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I have this odd dream that online resources like this can serve as a virtual thesis advisor for future mathematicians who are teaching themselves. Here's another question along these lines. You can do a lot of different things with your day as a mathematician. Some uses of your time are better than others. The following question certainly will vary from person to person...but cogent answers to the question may teach people to do mathematics more effectively. The question is this:

What is the highest "gain" mathematical activity?

A possible interpretation of this question:

If you had to pick one thing you do as a mathematician...and it was the only thing you were going to be allowed to do mathematically for the rest of your career...and you wanted to discover/learn the most mathematics by doing it....what would it be?

Here are some candidates:

Working out a simple but nontrivial example of a theorem or question. Trying to prove a theorem for yourself in full generality. Modifying a given problem. Looking for new problems. Doing exercises. Reading books. Trying to conceptualize (making things human-friendly). Talking to people. Answering Math.Stackexchange questions. Writing things up.

As simple as this is, I'd like to see answers posted here. This is closely related to an earlier question of mine about method. (I think the way to be a mathematician is this: work really hard until stuck, learn a little bit, repeat.)

NOTE: I am not suggesting that such an activity should exist (this question is as ridiculous as the practice in philosopy of leaving all but one fact in the universe unchanged). The point is to force us to think about what such an activity would be if it should exist. I'm inclined to think that for me working on the simplest nontrivial example is best, because it forces me to connect and compare the new concept with more familiar things and simultaneously helps organize all parts of a problem into a manageable whole. I'm sure Grothendieck would not have the same answer to this question...

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I don't think any of the current tags are relevant to the specific question being asked. Perhaps soft-question would be appropriate. –  Antonio Vargas May 17 '12 at 17:29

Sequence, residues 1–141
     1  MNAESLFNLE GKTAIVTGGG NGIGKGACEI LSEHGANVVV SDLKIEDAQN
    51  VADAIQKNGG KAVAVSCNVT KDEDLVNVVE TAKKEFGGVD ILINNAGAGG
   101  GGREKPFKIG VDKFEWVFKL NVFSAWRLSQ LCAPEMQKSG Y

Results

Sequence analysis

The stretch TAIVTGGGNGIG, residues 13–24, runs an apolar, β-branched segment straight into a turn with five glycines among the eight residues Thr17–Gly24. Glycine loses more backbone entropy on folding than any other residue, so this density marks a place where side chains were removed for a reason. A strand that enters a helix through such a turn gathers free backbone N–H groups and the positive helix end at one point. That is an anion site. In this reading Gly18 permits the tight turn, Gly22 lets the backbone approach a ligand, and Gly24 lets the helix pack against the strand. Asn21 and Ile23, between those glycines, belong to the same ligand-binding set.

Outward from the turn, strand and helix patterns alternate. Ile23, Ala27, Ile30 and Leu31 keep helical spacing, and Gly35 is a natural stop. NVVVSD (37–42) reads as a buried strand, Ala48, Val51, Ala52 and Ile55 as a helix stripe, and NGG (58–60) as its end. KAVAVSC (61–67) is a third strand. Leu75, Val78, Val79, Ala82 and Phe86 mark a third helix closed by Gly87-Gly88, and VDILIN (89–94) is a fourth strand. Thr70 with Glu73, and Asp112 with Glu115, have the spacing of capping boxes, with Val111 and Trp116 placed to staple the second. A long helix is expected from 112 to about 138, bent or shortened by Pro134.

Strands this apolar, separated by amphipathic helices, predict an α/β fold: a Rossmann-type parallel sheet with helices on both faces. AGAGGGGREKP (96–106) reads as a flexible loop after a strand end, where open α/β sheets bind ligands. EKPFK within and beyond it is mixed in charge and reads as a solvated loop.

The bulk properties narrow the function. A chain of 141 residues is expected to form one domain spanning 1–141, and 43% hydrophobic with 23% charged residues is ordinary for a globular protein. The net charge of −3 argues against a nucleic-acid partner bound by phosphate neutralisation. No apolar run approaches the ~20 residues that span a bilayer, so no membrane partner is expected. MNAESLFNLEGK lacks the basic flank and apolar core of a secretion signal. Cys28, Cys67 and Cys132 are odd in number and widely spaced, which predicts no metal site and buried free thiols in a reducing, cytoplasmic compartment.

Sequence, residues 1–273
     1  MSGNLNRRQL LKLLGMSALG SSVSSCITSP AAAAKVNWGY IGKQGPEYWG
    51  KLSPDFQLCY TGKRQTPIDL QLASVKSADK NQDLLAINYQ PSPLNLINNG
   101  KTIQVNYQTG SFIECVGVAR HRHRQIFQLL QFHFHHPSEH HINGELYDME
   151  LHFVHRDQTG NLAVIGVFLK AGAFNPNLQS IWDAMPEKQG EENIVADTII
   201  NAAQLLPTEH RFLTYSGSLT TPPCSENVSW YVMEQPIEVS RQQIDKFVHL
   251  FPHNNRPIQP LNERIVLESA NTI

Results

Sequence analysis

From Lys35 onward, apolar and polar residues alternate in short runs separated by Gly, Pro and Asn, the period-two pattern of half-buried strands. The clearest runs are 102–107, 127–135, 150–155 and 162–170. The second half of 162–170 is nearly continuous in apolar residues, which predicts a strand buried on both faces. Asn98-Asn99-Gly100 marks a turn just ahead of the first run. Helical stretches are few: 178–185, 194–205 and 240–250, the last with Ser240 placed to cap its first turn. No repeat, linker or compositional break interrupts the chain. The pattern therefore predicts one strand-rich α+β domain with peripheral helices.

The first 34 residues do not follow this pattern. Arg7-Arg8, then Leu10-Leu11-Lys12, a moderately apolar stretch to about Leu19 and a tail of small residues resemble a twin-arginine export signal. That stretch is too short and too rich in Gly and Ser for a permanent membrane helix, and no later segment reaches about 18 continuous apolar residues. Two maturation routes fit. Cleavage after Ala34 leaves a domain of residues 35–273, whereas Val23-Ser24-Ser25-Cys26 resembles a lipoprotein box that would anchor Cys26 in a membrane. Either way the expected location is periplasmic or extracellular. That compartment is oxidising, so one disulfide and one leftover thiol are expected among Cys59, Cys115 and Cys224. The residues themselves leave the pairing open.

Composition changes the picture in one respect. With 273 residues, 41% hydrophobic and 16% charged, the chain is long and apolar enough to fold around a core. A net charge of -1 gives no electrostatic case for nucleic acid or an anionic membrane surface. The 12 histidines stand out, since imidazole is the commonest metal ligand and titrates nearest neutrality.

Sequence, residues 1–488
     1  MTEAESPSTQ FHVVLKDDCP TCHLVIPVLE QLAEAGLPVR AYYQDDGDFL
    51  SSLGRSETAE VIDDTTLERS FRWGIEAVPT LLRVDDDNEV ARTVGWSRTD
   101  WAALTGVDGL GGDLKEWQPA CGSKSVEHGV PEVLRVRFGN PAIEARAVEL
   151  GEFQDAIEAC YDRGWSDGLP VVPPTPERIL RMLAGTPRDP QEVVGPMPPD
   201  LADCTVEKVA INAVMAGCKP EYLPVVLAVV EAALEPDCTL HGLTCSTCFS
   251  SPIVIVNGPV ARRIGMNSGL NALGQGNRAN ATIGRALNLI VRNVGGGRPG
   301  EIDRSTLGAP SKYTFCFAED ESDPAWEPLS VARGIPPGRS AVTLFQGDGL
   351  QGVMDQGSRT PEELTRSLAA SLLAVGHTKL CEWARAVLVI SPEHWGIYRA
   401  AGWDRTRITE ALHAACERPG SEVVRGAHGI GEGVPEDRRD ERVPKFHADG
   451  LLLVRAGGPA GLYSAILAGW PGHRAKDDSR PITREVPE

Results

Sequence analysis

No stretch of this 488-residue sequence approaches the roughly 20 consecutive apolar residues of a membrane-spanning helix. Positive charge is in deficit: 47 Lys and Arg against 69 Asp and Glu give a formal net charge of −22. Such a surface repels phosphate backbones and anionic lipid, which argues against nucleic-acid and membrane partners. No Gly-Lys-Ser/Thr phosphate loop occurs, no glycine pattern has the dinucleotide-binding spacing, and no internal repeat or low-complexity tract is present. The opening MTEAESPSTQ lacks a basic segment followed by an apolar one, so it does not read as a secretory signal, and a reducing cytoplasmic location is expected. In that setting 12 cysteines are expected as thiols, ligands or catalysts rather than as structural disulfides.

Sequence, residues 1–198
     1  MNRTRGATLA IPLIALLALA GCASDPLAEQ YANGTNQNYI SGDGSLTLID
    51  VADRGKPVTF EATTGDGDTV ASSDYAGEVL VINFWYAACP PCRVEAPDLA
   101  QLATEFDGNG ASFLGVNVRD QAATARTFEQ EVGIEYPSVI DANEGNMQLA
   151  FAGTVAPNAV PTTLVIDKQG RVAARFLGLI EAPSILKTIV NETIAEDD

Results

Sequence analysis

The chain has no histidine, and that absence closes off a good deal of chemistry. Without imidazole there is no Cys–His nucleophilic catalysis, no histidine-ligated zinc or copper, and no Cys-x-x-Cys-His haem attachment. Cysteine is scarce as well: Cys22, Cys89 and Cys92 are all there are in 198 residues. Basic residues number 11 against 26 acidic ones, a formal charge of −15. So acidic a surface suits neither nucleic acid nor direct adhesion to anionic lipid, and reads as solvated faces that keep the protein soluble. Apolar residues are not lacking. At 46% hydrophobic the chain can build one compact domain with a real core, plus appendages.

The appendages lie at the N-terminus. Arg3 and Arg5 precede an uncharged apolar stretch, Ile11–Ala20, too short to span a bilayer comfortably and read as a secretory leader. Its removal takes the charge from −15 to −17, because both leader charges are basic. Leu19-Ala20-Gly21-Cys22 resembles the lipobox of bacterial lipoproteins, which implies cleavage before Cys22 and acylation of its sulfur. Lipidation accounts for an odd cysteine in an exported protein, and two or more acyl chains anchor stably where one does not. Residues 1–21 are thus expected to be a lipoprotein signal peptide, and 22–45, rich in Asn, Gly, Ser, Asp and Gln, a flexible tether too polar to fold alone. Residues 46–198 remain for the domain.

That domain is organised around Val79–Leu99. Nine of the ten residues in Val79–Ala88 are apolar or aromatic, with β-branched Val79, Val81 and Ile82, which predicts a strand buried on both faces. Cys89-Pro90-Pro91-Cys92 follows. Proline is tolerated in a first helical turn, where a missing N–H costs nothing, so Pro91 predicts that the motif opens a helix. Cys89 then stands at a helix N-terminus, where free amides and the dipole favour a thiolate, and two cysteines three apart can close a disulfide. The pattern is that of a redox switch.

Thanks, Antonio. I agree this is much better. –  Jon Bannon May 17 '12 at 17:30

1 Answer 1

Short "answer": I don't know if I could identify one thing that I would limit myself to doing. I don't think a mathematician is going to go far if he/she only does one thing. If all you do is talking to people, but you never sit down and write out details, or if you only read books but never ask questions about what consequences this might have, then I don't think that you will get very far.

Now, you do also ask: "What is the highest "gain" mathematical activity?" This question is a bit different in that it doesn't say that you have to only do one thing. It asks for the thing that gives you the most gain. Again, I wouldn't really be able to answer that question, or: I don't think that I can identify the one thing that gives me the most gain. It really all depends. Sometimes I have made the most progress when I have taken a walk outside. Sometimes the progress comes when I finally decide to sit down and write out all the details of what I am doing. Sometimes the key that unlocks a problem is a hint that you get from a conversation with another person.

Doing mathematics isn't like digging a hole in the ground where we can say that now we are halfway to solving the problem. It is not like baking a cake where you can say that it only has 27 min. left in the oven. The biggest hurdles don't always appear where we expect them to.

All that said, I tend to find the most progress when I am actually sitting down in a quite room at a desk with pen and paper. Just letting the mind try out different approaches.

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This is actually my experience, too, Thomas. All around. It's kind of weird, actually, that things work this way. –  Jon Bannon May 17 '12 at 17:34
    
I guess, though, the point of the question is to force us to think of what the best such activity is...I'll edit. –  Jon Bannon May 17 '12 at 17:51
    
@JonBannon: Yes, I was kind of thinking that was really what you were going for. –  Thomas May 17 '12 at 17:51

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